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Film Review: ‘Confess, Fletch’ is a Damn Good Time and a Welcome Return for the Character


I’ve long thought that there was major potential in bringing back the Fletch franchise. For years, Kevin Smith had hoped to do a prequel, which certainly had the chance to be a ton of fun. There was also an attempt to pair Bill Lawrence and Zach Braff again for a new interpretation. However, it was Greg Mottola who got this new film across the finish line, with Jon Hamm taking over the role Chevy Chase essayed so perfectly. Have they captured the magic of the character Gregory McDonald created with Confess, Fletch? The answer may surprise some, considering how low profile this flick is, but it’s a decidedly enthusiastic yes. This is a very fun, and funny, movie.

Confess, Fletch has a ton of laughs. The mystery element of the film may be on the more generic side, but Hamm bringing his take on the character to life? That works almost 100% of the time. The more you’re just enjoying his interpretation, which recalls both the Chase character and McDonald’s literary creation, while being unique as well, the more we’re on firm ground with the picture.

Confess, Fletch John Slattery and Jon Hamm CR: Robert Clark/Miramax

This time around, Irwin M. ‘Fletch’ Fletcher (Hamm) is attempting to solve a murder, prove his own innocence in said case, and to recover some stolen artwork, all at once. How did Fletch get involved in all of this? Well, during a stay in Italy, he began a relationship with Angela (Lorenza Izzo), whose father owns a ton of expensive art. When he returns to America to start looking in to where several of the paintings have vanished to, the home he’s staying in already has a dead body waiting in it. Calling the police, Detectives Monroe (Roy Wood Jr.) and Griz (Ayden Mayeri) interrogate him, consistently annoyed by his devil may care attitude. So, he’ll have to navigate their investigation, while conducting his own.

Interacting with his former editor from his newspaper days Frank (John Slattery), Fletch starts pulling art various threads. As he’s doing that, meeting all sorts of odd characters, including the wealthy Horan (Kyle MacLachlan) and the stoner Eve (Annie Mumolo), Angela’s mother, The Countess (Marcia Gay Harden) arrives, complicating things even more than they already are. It’s all very silly and played as such, so you’re mostly watching for how Fletch floats through it all.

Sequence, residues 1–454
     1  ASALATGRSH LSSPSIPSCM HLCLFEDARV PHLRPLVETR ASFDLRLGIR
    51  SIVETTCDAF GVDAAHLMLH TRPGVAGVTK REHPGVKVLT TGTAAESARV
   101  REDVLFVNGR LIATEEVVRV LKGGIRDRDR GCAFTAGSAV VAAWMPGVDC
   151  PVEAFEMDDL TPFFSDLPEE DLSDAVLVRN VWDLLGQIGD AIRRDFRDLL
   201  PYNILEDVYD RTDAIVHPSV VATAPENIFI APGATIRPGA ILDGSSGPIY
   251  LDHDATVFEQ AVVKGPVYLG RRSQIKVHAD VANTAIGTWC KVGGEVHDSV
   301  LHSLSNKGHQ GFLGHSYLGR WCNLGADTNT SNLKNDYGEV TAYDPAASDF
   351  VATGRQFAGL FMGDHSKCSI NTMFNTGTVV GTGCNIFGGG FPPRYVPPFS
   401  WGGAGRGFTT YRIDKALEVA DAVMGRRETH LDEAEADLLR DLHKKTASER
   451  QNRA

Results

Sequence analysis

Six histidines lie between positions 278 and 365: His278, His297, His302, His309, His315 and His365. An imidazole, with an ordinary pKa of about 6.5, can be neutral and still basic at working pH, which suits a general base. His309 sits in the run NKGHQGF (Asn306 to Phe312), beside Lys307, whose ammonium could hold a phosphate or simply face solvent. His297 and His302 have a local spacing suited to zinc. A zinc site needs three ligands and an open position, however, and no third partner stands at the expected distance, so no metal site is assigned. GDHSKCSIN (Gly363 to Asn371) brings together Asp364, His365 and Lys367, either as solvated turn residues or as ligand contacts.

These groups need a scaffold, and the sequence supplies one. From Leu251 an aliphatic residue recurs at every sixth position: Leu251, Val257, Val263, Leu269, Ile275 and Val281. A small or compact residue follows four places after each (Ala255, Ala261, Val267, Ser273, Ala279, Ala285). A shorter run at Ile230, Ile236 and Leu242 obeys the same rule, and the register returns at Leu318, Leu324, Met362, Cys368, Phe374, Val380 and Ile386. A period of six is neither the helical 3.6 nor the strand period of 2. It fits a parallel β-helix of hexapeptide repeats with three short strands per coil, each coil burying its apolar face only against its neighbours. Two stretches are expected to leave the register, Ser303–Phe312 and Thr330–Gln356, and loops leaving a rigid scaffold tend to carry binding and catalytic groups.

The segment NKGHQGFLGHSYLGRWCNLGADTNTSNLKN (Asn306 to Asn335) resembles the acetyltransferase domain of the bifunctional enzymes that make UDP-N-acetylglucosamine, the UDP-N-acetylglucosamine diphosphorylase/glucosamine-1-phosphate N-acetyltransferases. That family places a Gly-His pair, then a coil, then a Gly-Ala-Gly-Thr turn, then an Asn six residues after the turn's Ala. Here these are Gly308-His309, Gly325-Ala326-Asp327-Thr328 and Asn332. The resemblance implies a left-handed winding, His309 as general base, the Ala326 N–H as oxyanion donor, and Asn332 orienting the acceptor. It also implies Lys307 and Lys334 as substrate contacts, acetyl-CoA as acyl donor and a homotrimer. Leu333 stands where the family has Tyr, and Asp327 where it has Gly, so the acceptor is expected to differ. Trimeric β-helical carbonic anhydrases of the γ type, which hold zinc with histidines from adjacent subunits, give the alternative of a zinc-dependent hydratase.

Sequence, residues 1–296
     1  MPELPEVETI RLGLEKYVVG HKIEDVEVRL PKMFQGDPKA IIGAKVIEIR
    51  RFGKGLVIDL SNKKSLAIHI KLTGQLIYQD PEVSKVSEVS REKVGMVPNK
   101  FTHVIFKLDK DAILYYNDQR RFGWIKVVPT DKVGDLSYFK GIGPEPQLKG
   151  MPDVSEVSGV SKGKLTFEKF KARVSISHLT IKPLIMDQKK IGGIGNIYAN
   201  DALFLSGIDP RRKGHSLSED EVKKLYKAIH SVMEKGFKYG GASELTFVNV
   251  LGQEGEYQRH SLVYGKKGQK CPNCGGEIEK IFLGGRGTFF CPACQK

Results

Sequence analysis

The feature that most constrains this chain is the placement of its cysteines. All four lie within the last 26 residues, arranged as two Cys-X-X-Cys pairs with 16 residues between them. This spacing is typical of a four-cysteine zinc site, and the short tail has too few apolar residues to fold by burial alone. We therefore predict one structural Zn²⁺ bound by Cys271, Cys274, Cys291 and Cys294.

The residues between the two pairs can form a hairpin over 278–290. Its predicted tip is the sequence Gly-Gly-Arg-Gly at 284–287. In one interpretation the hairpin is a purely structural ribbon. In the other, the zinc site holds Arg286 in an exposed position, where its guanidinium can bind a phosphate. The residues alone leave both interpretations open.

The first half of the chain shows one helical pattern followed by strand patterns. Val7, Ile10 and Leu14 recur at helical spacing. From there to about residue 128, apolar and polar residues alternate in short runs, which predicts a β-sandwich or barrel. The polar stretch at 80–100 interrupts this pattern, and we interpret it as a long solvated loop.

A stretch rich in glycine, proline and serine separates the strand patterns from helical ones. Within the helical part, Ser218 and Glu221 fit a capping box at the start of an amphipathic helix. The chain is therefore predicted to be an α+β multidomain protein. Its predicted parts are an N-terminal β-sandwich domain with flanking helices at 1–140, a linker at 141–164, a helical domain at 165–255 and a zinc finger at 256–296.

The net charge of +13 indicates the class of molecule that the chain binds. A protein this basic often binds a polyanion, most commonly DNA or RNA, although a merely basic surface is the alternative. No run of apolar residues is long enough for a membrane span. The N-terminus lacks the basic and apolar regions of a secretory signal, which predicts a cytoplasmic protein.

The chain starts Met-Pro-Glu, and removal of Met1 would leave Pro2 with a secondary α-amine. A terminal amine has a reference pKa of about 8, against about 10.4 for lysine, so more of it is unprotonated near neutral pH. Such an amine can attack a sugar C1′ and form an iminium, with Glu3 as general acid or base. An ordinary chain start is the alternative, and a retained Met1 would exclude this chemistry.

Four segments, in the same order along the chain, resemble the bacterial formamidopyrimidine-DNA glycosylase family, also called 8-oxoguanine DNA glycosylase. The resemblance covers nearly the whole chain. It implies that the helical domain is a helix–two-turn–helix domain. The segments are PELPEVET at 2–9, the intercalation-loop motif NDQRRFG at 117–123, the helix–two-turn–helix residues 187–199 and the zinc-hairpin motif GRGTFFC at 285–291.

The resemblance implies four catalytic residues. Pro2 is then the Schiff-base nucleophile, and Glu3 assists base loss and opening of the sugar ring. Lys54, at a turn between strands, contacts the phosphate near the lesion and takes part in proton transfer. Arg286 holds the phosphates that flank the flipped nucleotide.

Jon Hamm is an absolute riot as Fletch. He’s having the time of his life, and it shows. Whether it’s how he says “five stars” when he leaves an Uber or his quick wit in all situations, Hamm knows the character through and through. It’s a joy to watch him in action. Everyone else mentioned above, while enjoying themselves, can’t hold a candle to the star. Supporting players here, all in the shadow of Hamm as well, include John Behlmann, Kenneth Kimmins, Eugene Mirman, Anna Osceola, and more.

Director/co-writer Greg Mottola (penning the script with Zev Borow) leans in to the smart-ass tendencies of the character. Mottola focuses less on the visuals of the film, which are fine yet unspectacular, instead opting to make the screenplay he wrote with Borow as witty as possible. In turn, it allows Hamm to shine even brighter.

Confess, Fletch is just a good time, through and through. It’s not particularly ambitious, but it’s real funny. As the prestige fare starts to litter the landscape, something this purely enjoyable does really stand out. Simply put, Confess, Fletch is a damn good time and a welcome return for the character, hilariously played by Jon Hamm. What more do you need?

SCORE: ★★★


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Written by Joey Magidson

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